Turnout at the event was quite high, and interactions during and after the seminar indicated heightened concern about human rights in The Gambia.

As a result of the Advocacy Tour, several specific actions or policies have been proposed to bring about change:

1. The imposition of sanctions, such as travel bans and the freezing of assets, targeting President Jammeh and his closest associates and family members;

2. Diplomatic efforts to isolate and shame the Jammeh regime at international organizations until it dramatically alters its treatment of Gambians;

3. Effective use of litigation through regional international courts to end impunity and human rights violations;

4. Gather evidence to build an air-tight case against President Jammeh at the ICC;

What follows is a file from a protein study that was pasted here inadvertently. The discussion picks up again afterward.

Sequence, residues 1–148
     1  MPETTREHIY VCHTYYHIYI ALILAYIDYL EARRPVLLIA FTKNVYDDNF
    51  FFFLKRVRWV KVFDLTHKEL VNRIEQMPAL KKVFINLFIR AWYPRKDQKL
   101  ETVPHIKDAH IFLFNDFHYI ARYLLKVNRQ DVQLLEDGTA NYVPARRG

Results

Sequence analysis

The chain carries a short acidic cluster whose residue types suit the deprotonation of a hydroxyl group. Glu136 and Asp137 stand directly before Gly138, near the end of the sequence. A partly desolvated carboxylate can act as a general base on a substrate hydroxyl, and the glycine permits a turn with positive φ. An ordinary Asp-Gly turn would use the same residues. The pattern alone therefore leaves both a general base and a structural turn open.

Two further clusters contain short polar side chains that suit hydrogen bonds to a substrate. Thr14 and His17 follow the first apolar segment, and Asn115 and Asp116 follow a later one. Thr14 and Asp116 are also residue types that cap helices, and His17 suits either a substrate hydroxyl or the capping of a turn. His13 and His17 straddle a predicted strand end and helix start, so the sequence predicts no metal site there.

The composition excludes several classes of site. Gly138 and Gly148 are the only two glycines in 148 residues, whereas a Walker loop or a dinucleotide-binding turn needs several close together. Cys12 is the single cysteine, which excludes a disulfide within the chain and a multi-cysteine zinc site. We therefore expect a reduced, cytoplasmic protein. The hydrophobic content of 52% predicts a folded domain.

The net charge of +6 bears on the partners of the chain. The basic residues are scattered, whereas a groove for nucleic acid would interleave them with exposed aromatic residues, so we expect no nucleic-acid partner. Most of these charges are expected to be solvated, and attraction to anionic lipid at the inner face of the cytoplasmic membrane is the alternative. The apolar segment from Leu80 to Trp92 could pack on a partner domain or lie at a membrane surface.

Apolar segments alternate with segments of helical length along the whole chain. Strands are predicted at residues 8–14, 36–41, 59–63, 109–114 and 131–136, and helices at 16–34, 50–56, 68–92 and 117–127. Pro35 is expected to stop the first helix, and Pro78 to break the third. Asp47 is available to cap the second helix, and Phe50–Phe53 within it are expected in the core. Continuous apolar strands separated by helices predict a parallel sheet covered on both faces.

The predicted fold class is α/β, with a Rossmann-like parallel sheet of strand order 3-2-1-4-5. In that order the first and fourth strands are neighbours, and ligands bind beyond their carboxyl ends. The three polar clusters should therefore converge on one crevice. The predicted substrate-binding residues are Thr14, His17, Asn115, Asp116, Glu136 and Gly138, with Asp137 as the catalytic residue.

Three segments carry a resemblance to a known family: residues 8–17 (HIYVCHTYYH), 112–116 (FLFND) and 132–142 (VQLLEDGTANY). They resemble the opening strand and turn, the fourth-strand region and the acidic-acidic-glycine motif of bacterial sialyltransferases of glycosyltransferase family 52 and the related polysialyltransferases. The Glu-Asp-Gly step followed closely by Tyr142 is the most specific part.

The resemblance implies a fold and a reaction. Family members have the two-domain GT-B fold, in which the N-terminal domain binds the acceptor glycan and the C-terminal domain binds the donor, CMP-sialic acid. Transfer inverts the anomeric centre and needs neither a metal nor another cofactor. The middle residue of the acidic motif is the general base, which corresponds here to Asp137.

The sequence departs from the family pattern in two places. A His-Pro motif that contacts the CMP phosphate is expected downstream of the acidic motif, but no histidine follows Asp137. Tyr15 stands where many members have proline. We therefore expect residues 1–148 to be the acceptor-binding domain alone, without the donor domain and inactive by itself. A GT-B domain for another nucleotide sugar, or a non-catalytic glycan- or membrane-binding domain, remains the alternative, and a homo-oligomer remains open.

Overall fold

5. Devise means of ensuring that Gambians both at home and abroad have unfettered access to information;

6. Concerted, coordinated, and sustained actions to push the agenda for a better human rights environment.

It is worth noting that Amnesty International does not endorse some of these recommendations for policy reasons. However, these reflect the views and positions of many civil society groups working for democratic change in The Gambia.

Dr. Janneh; Banka Manneh, Chairman of Civil Society Associations – Gambia (CSAG); and Ndey Tapha Sosseh, Secretary-General of both CCG and CSAG; will embark on a similar Advocacy Tour of West Africa beginning on July 1, 2013.